Dublin, Ireland to Arthurstown, Ireland
I checked my website this morning to see that the few pictures of the Westin I included last night did not publish. The only explanation I have is: "yesterday was not our day".
Our overnight stay at the Westin Dublin was fantastic! The Westin enjoys an enviable location on the doorstep of Trinity College and Grafton Street shopping and the River Liffey. This historic building dates to the 1800's and has had a number of past lives; from the robe suppliers to Trinity College Dublin in 1847 to the city's leading insurance and financial companies of the late 1800's.
Such a wonderful room and delicious full Irish breakfast in the Morelands Grill .
Really enjoyed tasting the natural honeycomb. So unique and delicious!
Michael enjoyed the yoghurt. He rated this second to the yoghurt in Switzerland but he said it was close.
Pictures of our room at the Westin Dublin.
We took at taxi back to the airport to pick up our car and then we were off to Arthurstown and our stay at the Glendine Country House Bed and Breakfast.
Daffodils blooming along the roadways from Dublin to Arthurstown. Primrose, pansies and hyacinths are found in gardens. Trees are beginning to bud. Spring is on the way.
The Glendine Country Bed and Breakfast is quite outstanding!!!!
From a rural hillside on the Hook Peninsula, this B&B, in an 1830 stone country house, has views to the sea. It's 9.3 km from Tintern Abbey, 17.9 km from Hook Lighthouse and 43.2 km from Waterford.
Glendine is situated on 50 acres of private gardens and paddocks where you can see Highland cattle, Jacob sheep and deer from your bedroom windows. Family run, the house has been in the family for over 60 years and Ann & Tom opened their home as a bed and breakfast nearly 25 years ago. The luxury spacious accommodations have sea views and are furnished with antiques. It is such a lovely and inviting place. Michael and I highly recommend this Bed and Breakfast. I have decided this is a location for another visit in the future. We definitely will be back!
Daffodils, Jacob sheep and lambs greeted us as we came up the driveway.
Our room is extremely clean, spacious, comfortable and quaint with views of the sea.
Michael and I enjoyed tea and cake while we planned the rest of the afternoon.
We asked our host for recommendations on what to see and he suggested we go out to the Hook Lighthouse. Excellent choice!
Hook Lighthouse stands on the tip of the picture perfect Hook Peninsula and marks the entrance to Waterford Estuary, the Maritime Gateway to Ireland's Ancient East.
The Rock of Hook Peninsula are Fossiliferous Carboniferous Limestone and were formed 355 to 290 million years ago.
Known as "The Race to the South", the mouth of the harbor can be treacherous where the Rivers Nore, Barrow and Suir (the three sisters) meet the sea.
The Three sisters river system has always been an important entry point to Ireland so for many centuries the Hook has seen both Traders and Invaders pass.
The area from Hook Peninsula to the Saltee Island is known as "The Graveyard of a Thousand Ships".
There are 14 beaches on Hook Peninsula "A beach a day for a fortnight".
A beacon has shone at Hook Head since St. Dubhan lit the first fire in the 5th century and has continued since Hook Lighthouse was established by William Marshal as Lord of Leinster in the 13th century. The massive black and white striped tower is the world's oldest intact working lighthouse.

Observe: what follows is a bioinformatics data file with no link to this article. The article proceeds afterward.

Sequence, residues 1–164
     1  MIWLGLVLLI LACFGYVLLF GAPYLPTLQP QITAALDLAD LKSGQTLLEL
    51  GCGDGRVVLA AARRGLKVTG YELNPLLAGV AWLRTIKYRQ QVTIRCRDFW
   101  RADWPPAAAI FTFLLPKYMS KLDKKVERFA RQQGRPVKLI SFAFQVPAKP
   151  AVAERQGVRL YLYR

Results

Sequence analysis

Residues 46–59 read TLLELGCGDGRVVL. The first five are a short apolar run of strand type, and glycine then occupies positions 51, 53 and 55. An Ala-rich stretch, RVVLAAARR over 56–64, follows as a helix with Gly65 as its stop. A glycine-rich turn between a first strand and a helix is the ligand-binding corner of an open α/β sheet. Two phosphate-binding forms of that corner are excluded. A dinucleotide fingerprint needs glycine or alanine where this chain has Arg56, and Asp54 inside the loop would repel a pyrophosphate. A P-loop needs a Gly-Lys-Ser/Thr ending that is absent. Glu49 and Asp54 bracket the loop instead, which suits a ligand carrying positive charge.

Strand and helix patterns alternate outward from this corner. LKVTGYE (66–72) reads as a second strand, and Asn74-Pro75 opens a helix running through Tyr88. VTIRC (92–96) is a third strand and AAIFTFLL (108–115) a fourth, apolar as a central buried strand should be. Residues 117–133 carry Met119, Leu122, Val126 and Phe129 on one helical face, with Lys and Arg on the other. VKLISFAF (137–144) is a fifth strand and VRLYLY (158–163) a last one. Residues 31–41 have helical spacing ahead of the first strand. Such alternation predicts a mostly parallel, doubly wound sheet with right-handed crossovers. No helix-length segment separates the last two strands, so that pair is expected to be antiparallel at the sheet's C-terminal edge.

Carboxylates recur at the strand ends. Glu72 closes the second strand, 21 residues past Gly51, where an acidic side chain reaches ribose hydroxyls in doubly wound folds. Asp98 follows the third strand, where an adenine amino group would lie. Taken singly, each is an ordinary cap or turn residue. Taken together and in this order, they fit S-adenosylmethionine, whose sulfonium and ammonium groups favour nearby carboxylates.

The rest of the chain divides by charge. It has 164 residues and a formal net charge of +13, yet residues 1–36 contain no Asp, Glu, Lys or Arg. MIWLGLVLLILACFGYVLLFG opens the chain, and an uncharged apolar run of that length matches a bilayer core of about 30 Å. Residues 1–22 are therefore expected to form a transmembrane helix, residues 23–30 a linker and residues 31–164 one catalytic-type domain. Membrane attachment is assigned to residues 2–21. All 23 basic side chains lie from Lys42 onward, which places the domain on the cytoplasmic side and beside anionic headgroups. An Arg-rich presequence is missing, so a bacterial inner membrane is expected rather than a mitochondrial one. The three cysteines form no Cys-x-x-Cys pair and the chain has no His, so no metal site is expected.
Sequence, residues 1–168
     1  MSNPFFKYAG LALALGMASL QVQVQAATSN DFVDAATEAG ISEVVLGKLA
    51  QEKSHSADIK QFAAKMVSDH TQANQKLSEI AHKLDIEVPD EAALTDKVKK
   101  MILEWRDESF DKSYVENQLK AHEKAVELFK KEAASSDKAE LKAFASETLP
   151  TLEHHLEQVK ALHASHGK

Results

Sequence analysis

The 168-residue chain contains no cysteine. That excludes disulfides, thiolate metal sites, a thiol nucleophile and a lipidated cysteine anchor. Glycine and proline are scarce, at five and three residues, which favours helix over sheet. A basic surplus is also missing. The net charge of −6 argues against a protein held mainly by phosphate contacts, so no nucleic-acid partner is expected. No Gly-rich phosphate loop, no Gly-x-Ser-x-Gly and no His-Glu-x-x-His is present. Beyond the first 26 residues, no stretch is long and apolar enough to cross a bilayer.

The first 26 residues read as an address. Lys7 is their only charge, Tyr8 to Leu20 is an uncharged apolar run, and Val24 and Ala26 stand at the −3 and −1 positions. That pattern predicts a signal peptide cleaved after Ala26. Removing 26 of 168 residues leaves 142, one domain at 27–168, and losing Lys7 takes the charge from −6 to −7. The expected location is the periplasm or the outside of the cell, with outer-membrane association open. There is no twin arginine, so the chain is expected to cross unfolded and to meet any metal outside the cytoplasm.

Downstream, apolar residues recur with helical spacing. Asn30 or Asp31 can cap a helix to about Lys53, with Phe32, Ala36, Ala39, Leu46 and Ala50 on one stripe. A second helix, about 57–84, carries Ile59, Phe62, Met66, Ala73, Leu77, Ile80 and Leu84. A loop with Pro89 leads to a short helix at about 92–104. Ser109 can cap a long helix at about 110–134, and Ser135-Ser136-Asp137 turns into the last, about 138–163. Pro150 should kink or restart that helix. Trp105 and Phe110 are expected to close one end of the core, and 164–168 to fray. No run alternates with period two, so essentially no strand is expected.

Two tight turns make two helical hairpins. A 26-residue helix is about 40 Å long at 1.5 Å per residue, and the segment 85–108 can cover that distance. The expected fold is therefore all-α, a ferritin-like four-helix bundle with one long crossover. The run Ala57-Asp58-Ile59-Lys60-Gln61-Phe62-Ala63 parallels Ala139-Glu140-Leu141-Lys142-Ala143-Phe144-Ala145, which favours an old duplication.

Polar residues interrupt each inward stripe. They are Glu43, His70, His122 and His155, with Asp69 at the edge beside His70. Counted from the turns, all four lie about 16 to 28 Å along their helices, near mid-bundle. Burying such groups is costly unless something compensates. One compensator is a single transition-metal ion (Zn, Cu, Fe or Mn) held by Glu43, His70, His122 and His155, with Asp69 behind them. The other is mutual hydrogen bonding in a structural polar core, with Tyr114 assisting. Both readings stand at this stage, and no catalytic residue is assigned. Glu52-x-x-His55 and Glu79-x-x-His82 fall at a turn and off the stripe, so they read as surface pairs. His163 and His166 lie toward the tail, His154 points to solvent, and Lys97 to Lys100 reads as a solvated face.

Michael and I decided to take the guided tour of the lighthouse. We had a knowledgeable friendly guide whom guided us up the very uneven winding 115 steps. We walked in the footsteps of lighthouse keepers through the ages. At each new chamber through the medieval tower, we were met by characters from the past through hologram and video. We encountered the 5th century St. Dubhan, "The Greatest Knight, William Marshal" and we heard stories from lighthouse keepers whom lived at Hook.
Monks needed a place to pray.
Place where the monks slept. At night, the monks had to climb all the steps and tend to the beacon fire every 25 minutes.
The place where the monks cooked.
The lighthouse keepers spoke about their life tending the lighthouse. The woman said all living expenses were paid for them.
Having explored the building and climbed the 115 steps of the mural staircase winding up to the balcony, spectacular views 46 meters above sea level stretched out before us.
Some pictures of the threatening water.
We asked our host for restaurant recommendations. He called and booked us at the The Hollow Seafood and Steakhouse
Restaurant. He even drove us to the restaurant and told us Simon would bring us back after dinner. Actually, Simon's father drove us back! Such warmth and hospitality!!! The food was delicious! This will be a restaurant we will talk about again and again. As our friend Bennett would say: "This is a keeper!!!"
The fish dishes change daily to match the fish freshly collected from the Kilmore Quay and Duncannon.
You can build your own gin and tonic.
I had the cider. My drink is 5% alcohol. Check out Michael's beer.
Michael had a local beer.
Fresh baked brown bread
I had eaten a large portion of my cod before Michael took the picture.
Michael chose the hake
We both chose the salad with house dressing. Michael had mashed potatoes and I had the chips.
Of course, we couldn't skip dessert. I kept saying, "Well, we did climb 115 steps up and 115 steps down. That should count for something!"
Apple crumb with ice cream and whipped cream for Michael
Warm rice pudding with raspberry preserves (I would call it sauce) for me.
What a fantastic day!
I will end for tonight. Michael has been asleep for nearly two hours and my computer battery is quite low.